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A £300 million "landmark" project to better understand the genetics of people with cancer and rare diseases is to be based near Cambridge.
The 4 year study will map the DNA of thousands of patients, helping doctors and scientists to find new drugs and treatments.
The research will be carried out at the Wellcome Trust's Genome Campus and The Sanger Institute.
The Prime Minister says the project is destined to make Britain the world leader in genetic research on cancer and rare diseases.
David Cameron made the prediction as he announced a package of deals that will secure the future of the work, expected to be completed by 2017.
Nothing on the scale of the 100,000 Genomes Project has ever been attempted anywhere before.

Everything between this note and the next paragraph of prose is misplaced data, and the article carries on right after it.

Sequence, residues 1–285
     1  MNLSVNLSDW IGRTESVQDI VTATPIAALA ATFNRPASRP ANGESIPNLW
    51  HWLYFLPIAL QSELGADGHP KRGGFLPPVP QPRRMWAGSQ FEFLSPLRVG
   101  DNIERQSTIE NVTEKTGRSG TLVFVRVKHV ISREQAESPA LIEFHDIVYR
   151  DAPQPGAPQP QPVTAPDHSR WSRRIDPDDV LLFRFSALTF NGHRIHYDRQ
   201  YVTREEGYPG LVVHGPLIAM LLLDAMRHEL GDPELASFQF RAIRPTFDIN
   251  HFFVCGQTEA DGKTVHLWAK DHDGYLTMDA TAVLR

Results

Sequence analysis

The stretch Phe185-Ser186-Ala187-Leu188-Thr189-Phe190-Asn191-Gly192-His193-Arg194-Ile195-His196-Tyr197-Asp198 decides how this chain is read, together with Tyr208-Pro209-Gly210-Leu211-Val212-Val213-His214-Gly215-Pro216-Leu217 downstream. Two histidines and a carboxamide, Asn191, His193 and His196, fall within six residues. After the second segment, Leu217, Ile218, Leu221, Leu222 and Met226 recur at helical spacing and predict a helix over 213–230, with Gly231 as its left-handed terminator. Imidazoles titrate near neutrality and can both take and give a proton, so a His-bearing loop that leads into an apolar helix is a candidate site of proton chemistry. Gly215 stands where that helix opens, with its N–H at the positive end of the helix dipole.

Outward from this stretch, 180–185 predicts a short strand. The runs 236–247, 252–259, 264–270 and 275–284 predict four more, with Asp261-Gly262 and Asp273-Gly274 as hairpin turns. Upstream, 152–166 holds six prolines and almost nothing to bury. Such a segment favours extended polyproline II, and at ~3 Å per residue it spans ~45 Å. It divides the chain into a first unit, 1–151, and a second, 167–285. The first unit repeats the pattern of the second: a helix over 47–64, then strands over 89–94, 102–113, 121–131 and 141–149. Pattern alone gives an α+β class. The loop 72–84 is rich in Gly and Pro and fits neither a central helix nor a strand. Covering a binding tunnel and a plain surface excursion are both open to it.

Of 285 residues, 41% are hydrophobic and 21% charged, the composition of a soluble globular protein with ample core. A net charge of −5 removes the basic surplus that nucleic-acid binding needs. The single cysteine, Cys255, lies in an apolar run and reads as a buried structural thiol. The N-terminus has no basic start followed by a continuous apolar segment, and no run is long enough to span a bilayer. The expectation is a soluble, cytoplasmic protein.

Over the next four years, about 75,000 patients with cancer and rare diseases, plus their close relatives, will have their whole genetic codes, or genomes, sequenced.
Cancer patients will have the DNA of both healthy and tumour cells mapped, making up the 100,000 total.
Scientists expect the project to be pivotal to the development of future personalised treatments based on genetics, with the potential to revolutionise medicine.
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Cambridge is to play a leading role in a £300 million project which will carry out pioneering genetic research on cancer and rare diseases.